US house prices fell 1.3% during August, according the S&P CoreLogic Case-Shiller Indices. Bloomberg makes that the largest monthly decline since March 2009. The Federal Reserve's scorched earth approach to taming inflation has pushed 30-year mortgage rates to just shy of 7% and values will need to adjust. Annual growth is still running at 13.1% but that number will continue to shrink. All 20 cities in the index saw a monthly decline during August led by San Francisco (-4.3%), Seattle (-3.9%), and San Diego (-2.8%).
Context is important and August's falls leave prices in all 20 cities well above their levels just 12 months ago. Prices in Miami, for example, remain up 28.6%. Prices are up 28% in Tampa. Charlotte, Dallas and Atlanta have all chalked up increases of more than 20% compared to a year ago.
How far this runs depends on the Fed's ability to engineer the so-called soft landing - bringing down inflation without a spike in unemployment. Previous housing slowdowns have avoided mutating into crashes when employment has remained resilient, which keeps forced sellers low, according to research from Innes McFee, chief global economist at Oxford Economics. He puts the chances of a double-digit fall in US house prices at 35%. The pivot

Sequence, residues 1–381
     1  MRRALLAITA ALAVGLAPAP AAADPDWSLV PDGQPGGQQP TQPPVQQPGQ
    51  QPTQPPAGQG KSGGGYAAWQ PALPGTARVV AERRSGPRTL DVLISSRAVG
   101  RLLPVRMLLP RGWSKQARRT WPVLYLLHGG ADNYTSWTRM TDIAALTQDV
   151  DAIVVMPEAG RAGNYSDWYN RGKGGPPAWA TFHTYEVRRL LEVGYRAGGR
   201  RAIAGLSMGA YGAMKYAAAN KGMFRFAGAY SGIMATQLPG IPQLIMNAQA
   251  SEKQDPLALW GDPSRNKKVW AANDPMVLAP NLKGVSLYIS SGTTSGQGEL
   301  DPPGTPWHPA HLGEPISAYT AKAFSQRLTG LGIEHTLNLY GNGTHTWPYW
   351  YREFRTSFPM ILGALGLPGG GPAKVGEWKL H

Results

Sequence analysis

The Fed is widely expected to execute another 75bps rate hike at its meeting next week, but it may start easing off after that.
San Francisco Federal Reserve President Mary Daly said in a speech Friday that policymakers were concerned about raising rates too quickly, prompting an unforced downturn. "I think the time is now to start talking about stepping down," she added. Most Fed policymakers believe the key rate will need to rise to between 4.5% and 5% next year. Those projections are still reasonable, according to Daly.